Why Godzilla Won’t Always Be My Maybe

Unless purposely ignoring pop culture most people know in The Streaming Age not every major film event will be found in the summer blockbuster. In the first weekend after unofficial summer opener MDW, big franchise names like Aladdin and Godzilla: King of the Monsters were a guarantee to dominate the box office. While media and pop culture continue to exhibit ageism and the constant need for new short-lived celebrities from rappers to viral sensations at such a normalized level, successful franchises of yesteryear continue to convince people to come out and spend money to see the same story repackaged, re-done, and (hopefully) improved.

Nostalgia is indeed ultra and the stories that entertained us as children should be passed down from generation to generation and shared with our younger siblings, cousins, neighbors, and colleagues. After all, pop culture was meant to be enjoyed, but also meant to critique the very best and worst of society at large. And where the summer blockbuster has lately failed to push us outside our comfort zone, streaming giants like Netflix or Hulu offer a valuable alternatives — “smaller” stories that ask bigger questions in minute ways. While most Hollywood would paint these stories as “risks,” the average American seems to be waking up to the idea that there are worthy stories to tell by taking  “normal” and making it extraordinary. This is fully on display in the new Netflix romantic-comedy You’ll Always Be My Maybe.

Watched as a double feature, Godzilla: King of the Monsters and You’ll Always Be My Maybe do a strong job of complementing each other by hitting many points on the emotional spectrum. Both contain drama, laughs, death, and social commentary to keep you invested, but it’s You’ll Always Be My Maybe that leaves you feeling more fulfilled when you get to the end and that’s not just because we already know a Godzilla vs. Kong sequel will arrive next summer 2020.

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Godzilla: King of the Monsters asks its actors and audience to do a lot with a little. Any movie that openswith a quick news clip montage to get the viewers up to speed is already asking the audience to suspend their disbelief just a little more than a movie that does not. From there, viewers are expected to stay for the entirety of the ride and not ask too many questions. Unlike a more crafted cinematic universe such as Marvel, Godzilla: King of the Monsters, much like the 2014 predecessor Godzilla, struggles to convince the audience to buy in.

Godzilla is a Japanese franchise. It was created as a post-traumatic social commentary on the destruction caused by the United States of America after dropping the atom bomb twice in World War II. Now, any true fan of the Godzilla movies who has seen a fair share of the franchise can admit that the Asian productions are far superior to the Hollywood films. While 1998’s Matthew Broderick leading Godzilla was plenty memeable, required watching it is not. The same can be said of the new franchise headed by Legendary Pictures. Furthmore, the new Godzilla film franchise, part of a new Giant Monster Universe so far comprised of Godzilla and King Kong as the only two protagonists, makes Godzilla a more universal concept not wholly tied to Japan. It is here that the film suffers. From changing the name of the giant monsters to Titans instead of Kaiju (I am curious to know what they will be called in the Asian translations of these films) and making Godzilla some sort of ancient protector of the Earth naturally, Hollywood is changing the very canon and lore of what Godzilla means for the planet. Instead of being a byproduct of a deadly human weapon that returns the destruction 100x fold, he is now a timeless God.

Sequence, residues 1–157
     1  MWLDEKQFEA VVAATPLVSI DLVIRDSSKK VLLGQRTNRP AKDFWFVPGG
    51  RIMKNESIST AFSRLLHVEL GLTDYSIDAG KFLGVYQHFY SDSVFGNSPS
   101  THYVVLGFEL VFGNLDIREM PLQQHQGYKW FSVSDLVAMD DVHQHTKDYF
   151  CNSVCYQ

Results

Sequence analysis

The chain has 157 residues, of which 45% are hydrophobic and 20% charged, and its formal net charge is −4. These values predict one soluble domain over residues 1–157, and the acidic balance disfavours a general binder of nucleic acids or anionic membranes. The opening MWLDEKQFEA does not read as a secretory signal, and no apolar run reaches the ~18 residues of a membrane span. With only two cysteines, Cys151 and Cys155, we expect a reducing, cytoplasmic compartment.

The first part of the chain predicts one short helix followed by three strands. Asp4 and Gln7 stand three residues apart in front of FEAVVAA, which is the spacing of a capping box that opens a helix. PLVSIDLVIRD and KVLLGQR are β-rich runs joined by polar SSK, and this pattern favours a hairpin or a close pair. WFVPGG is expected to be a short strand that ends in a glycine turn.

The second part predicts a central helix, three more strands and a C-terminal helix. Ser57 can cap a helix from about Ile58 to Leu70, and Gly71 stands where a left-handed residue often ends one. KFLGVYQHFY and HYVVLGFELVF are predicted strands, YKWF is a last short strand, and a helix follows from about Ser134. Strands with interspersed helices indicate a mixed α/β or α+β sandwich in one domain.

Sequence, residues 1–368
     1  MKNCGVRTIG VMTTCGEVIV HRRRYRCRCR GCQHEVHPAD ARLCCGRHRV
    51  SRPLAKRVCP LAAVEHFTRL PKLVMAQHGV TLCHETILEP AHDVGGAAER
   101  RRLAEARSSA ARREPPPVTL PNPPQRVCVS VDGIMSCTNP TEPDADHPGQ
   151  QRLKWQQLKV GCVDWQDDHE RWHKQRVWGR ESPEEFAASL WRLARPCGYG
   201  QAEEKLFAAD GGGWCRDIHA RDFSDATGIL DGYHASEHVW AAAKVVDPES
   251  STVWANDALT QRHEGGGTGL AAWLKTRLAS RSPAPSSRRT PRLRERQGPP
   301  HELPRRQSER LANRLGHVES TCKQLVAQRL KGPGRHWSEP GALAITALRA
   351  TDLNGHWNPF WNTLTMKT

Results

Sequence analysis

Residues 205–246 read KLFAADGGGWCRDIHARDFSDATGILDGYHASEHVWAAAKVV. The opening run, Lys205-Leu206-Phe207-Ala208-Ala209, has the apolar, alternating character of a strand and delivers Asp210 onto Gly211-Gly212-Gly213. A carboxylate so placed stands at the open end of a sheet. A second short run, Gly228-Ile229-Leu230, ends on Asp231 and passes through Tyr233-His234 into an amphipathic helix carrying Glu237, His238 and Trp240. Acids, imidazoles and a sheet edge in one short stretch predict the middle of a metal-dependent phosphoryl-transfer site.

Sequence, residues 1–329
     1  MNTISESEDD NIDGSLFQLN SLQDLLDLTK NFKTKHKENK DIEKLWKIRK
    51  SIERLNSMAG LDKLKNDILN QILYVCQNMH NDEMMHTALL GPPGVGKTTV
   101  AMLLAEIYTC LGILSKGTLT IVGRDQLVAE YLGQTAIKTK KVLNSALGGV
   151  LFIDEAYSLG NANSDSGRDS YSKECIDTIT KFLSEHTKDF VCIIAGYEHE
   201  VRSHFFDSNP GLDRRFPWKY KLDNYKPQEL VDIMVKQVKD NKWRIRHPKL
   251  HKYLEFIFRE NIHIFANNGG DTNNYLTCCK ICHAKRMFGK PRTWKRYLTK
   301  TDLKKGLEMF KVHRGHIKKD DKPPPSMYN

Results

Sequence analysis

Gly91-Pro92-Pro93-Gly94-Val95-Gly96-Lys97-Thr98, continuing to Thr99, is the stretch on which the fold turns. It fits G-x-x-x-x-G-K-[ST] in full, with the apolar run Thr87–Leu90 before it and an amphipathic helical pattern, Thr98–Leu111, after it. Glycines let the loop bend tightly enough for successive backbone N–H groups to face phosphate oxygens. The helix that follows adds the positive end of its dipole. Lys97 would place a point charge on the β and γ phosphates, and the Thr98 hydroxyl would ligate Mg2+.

Now this is not necessarily a bad thing and I applaud the creative team for attempting to cover the topic of climate change and environmentalism issues in a summer blockbuster, but the depth of the characters and matter of fact writing makes it very hard to have any sort of critical thought process about how society should deal with these issues. From the moment Vera Farmiga’s Dr. Emma Russell reveals herself as one of the eco-terrorists bent on bringing balance back to nature by allowing the Titans to run free and exterminate a large part of the overpopulating humans, her own daughter quickly turns on her revealing the plan as fully evil. There was no real nuance or leg to stand on with the idea that innocents (and marginalized ones at that) should be snuffed off the planet to make the world an equitable place, especially considering we know that like 71% of climate change is being caused by 100 large corporations.